We are currently making improvements to the Audible site. In an effort to enhance the accessibility experience for our customers, we have created a page to more easily navigate the new experience, available at the web address www.audible.com/access.
Scientific American, April 2011 | [Scientific American]

Scientific American, April 2011

"The Inflation Debate": Our best explanation of how the universe evolved must be fixed – or replaced. "The Enemy Within": A new pattern of antibiotic resistance may soon leave us defenseless against a frighteningly wide range of dangerous bacterial infections. "Neuroscience in the Courtroom": Brain scans and other types of neurological evidence could transform judicial views of personal credibility and responsibility.
Regular Price:$6.95
  • Membership Details:
    • First book free with 30-day trial
    • $14.95/month thereafter for your choice of 1 new book each month
    • Cancel easily anytime
    • Exchange books you don't like
    • All selected books are yours to keep, even if you cancel
  • - or -

Your Likes make Audible better!

'Likes' are shared on Facebook and Audible.com. We use your 'likes' to improve Audible.com for all our listeners.

You can turn off Audible.com sharing from your Account Details page.

OK

Publisher's Summary

In this issue:

"The Inflation Debate": Our best explanation of how the universe evolved must be fixed – or replaced.

"The Enemy Within": A new pattern of antibiotic resistance may soon leave us defenseless against a frighteningly wide range of dangerous bacterial infections.

"Neuroscience in the Courtroom": Brain scans and other types of neurological evidence could transform judicial views of personal credibility and responsibility.

"Seconds before the Big One": Scientists have figured out a way to provide advanced warning before an earthquake strikes.

Want more Scientific American?

  • Subscribe for one month or 12 months.
  • Get the latest issue.
  • Check out the complete archive.

    ©2011 Scientific American

  • What Members Say

    Average Customer Rating

    3.5 (6 )
    5 star
     (2)
    4 star
     (1)
    3 star
     (2)
    2 star
     (0)
    1 star
     (1)
    Overall
    5.0 (1 )
    5 star
     (1)
    4 star
     (0)
    3 star
     (0)
    2 star
     (0)
    1 star
     (0)
    Story
    3.0 (1 )
    5 star
     (0)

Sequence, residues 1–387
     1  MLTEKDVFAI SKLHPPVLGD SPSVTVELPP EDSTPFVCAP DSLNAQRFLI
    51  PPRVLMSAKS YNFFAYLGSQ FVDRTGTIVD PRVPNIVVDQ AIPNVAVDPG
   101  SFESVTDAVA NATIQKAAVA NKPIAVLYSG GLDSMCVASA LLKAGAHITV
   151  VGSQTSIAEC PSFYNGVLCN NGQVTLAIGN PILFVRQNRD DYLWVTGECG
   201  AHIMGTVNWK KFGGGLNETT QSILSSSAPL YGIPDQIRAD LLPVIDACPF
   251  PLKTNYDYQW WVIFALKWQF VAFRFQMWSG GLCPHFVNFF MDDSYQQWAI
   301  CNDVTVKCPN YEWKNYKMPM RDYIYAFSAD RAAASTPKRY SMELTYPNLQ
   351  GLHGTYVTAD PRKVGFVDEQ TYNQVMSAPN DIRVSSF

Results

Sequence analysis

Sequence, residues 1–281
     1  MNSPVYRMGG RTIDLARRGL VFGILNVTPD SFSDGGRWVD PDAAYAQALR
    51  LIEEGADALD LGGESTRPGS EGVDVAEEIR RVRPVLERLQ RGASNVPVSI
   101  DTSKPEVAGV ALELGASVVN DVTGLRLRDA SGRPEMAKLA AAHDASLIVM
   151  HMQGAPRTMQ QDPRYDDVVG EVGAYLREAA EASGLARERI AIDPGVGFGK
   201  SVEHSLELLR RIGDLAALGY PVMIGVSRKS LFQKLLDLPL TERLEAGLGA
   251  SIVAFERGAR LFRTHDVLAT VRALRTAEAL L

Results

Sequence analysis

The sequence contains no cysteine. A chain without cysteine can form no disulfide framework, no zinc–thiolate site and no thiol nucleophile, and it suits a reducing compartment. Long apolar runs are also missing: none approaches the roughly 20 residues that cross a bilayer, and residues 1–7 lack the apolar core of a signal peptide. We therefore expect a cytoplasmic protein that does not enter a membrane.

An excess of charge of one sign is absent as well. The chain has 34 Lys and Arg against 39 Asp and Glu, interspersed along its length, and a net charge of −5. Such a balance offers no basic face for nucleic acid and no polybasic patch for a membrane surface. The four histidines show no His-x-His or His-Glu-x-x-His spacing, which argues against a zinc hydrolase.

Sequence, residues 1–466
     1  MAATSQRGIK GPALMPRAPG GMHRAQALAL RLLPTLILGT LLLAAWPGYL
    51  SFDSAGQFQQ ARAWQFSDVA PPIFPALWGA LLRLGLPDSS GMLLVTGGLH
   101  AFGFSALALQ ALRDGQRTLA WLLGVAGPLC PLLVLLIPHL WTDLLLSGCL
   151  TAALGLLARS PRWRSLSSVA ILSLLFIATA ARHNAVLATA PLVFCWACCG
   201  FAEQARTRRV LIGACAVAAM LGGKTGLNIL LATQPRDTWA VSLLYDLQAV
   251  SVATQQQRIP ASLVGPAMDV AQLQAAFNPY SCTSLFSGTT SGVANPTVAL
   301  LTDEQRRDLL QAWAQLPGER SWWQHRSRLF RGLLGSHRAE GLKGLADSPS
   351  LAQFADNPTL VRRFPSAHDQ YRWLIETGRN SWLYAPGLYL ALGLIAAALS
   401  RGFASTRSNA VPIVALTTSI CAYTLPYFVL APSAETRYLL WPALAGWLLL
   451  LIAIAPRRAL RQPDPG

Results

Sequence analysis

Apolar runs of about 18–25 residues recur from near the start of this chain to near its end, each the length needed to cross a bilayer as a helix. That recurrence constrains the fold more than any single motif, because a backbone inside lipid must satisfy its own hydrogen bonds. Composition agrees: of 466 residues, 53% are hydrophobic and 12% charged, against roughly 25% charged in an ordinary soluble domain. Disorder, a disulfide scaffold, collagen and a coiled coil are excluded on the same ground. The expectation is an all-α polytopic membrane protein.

4 star
     (0)
    3 star
     (1)
    2 star
     (0)
    1 star
     (0)
    Performance
    Sort by:
    •  
      Peter White Plains, NY, United States 05-04-11
      Peter White Plains, NY, United States 05-04-11
      ratings
      REVIEWS
      12
      1
      Overall
      "Great content but they need a new narrator"

      I think most would agree that SA has great content but they need a new narrator for their magazines. Someone that knows the sciences better and one that doesn't read like there are runon sentences. You can tell by his narration that he doesn't really understand the topics... unless he's just a really bad narrator. I love the magazine though and will continue to buy it either digitally or in print.

      0 of 0 people found this review helpful
    •  
      John Marietta, GA, United States 04-16-11
      John Marietta, GA, United States 04-16-11 Member Since 2015
      HELPFUL VOTES
      6
      ratings
      REVIEWS
      13
      3
      FOLLOWERS
      FOLLOWING
      0
      0
      Overall
      "Content great, Narrator horrible"

      After a several year hiatus from Audible Scientific American, I was dissapointed to find, upon re-subscribing, that the new narrator, Mark Moran, makes the magazine almost unlistenable.

      I think Mark could recover his career by listening to Ken Borgers or Todd Mundt (HBR). Even if he just read the way he converses. I mean, I can't imagine he talks this way to his co-workers or family... it would drive them crazy. Half the time when Mark reaches the end of a sentence, he rolls up in tone, as if he is mid-sentence. It makes it sound as if the entire article is one big run-on sentence. To top it off, he removes any pause between articles. So the entire issue sounds like one big run-on sentence. I can't imagine how this guy got the job. Someone's asleep at the helm.

      0 of 0 people found this review helpful

    Report Inappropriate Content

    If you find this review inappropriate and think it should be removed from our site, let us know. This report will be reviewed by Audible and we will take appropriate action.

    Cancel

    Thank You

    Your report has been received. It will be reviewed by Audible and we will take appropriate action.